Accordingly, if and when these tactics of small talk deter-rence fail and eye contact is made, it is important to realize that the battle, while hard-fought, has been lost. Once the barrier of eye contact has been breached, standard social etiquette mandates that a smile be cautiously offered in the ac-quaintance’s direction. This inevitably leads to a conversa-tional exchange. However, I still take measures to ensure that an old friend recognizes that just because I have to engage in small talk does not mean that I have to like it.
      Again, body language plays a crucial role. I have found that Glancing Repeatedly at my Watch and Sighing Dejectedly invariably take their toll on any conversation, stripping the small talk to the bare essentials before both parties walk away feeling mutually dissatisfied. This not only serves the purpose of creating an inhospitable conversational environment at that moment, but also heightens the likelihood that that particular acquaintance will never solicit small talk with me again.
      I went to Safeway last week and I found myself in the same aisle as an old friend from the dorms. He lived just two doors down from me then and now stood no more than ten yards away. It was nearly two in the morning and the entire market was sufficiently empty. I was at Safeway at two in the morning because my toothbrush had been wet when I had picked it up earlier that night and I had reason to believe that my roommate had used it. I cursed her in my mind as I faced what could easily become a meandering and painfully awk-ward conversation. Nonetheless, I wasn’t quite sure if he had seen me and I risked calling attention to myself if I turned around too abruptly to escape to another aisle. I decided to take my chances at going unnoticed. I drew in a deep breath, concentrated on perfecting the Look of Complete Engrossment and squinted meditatively at the prices of deodorants. After a few moments, I ventured a stray glance in his direction. His eyes rather hostilely scanned the over-stocked shelf of razors, his back turned toward me at a suspiciously intentional angle. He folded his arms somewhat shiftily across his chest.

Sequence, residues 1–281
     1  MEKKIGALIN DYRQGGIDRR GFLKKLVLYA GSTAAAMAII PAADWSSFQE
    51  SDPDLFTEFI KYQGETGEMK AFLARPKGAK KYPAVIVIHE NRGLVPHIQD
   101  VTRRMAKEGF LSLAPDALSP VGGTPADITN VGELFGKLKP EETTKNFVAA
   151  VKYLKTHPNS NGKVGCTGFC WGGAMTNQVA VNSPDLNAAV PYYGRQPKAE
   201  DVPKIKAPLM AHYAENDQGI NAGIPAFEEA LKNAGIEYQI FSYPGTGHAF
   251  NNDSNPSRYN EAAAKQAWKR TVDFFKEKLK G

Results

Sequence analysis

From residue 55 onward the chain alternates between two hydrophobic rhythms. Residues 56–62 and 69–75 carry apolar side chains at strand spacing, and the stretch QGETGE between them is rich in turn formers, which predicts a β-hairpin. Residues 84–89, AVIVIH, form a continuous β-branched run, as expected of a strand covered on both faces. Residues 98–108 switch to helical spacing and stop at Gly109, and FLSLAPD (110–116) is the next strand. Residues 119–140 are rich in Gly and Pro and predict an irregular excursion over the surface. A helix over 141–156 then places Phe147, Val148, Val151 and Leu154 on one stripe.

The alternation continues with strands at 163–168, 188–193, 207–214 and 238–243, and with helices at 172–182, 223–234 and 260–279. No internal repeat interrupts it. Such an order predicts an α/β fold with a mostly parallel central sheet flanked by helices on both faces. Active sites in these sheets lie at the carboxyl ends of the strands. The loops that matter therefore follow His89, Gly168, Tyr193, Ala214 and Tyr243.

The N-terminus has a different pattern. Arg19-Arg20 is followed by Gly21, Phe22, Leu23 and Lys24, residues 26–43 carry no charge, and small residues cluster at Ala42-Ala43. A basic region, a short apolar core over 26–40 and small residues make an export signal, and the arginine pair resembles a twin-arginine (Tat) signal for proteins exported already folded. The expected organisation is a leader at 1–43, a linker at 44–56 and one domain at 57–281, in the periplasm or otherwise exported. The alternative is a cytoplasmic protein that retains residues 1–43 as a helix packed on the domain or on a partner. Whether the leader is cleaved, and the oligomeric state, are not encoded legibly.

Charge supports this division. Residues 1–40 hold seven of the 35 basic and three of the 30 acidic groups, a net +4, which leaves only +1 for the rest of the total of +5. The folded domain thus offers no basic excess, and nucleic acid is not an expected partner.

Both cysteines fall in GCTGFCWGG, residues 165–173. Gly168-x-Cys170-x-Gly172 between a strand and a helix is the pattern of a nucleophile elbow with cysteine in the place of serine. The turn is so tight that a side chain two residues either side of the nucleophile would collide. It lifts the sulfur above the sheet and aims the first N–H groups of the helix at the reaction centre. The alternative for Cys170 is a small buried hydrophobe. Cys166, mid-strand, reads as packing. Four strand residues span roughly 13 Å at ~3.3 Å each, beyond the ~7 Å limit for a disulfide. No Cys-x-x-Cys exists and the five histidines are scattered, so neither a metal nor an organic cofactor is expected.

I abandoned my Look of Complete Engrossment and stared in Genuine Shock. He not only wore the Sneer, but his shoulders were defiantly slouched over and he had also utilized the Crossed Arms and the Partial Back Turn, clearly indicating a violent desire to avoid me. More than our mutual desire to avoid each other was my growing indignation that someone with whom I had on more than one occasion stayed up all night talking would employ such deliberate deterrent tactics against me. I mean, I had helped this guy with history papers. I had pulled him off of the floor after he puked in the boys’ shower stall. I had done his laundry, and now he was trying to Sneer-Slump-Cross Arm-Partial Back Turn me? So I walked up to him and said, “Hi, Robbie.”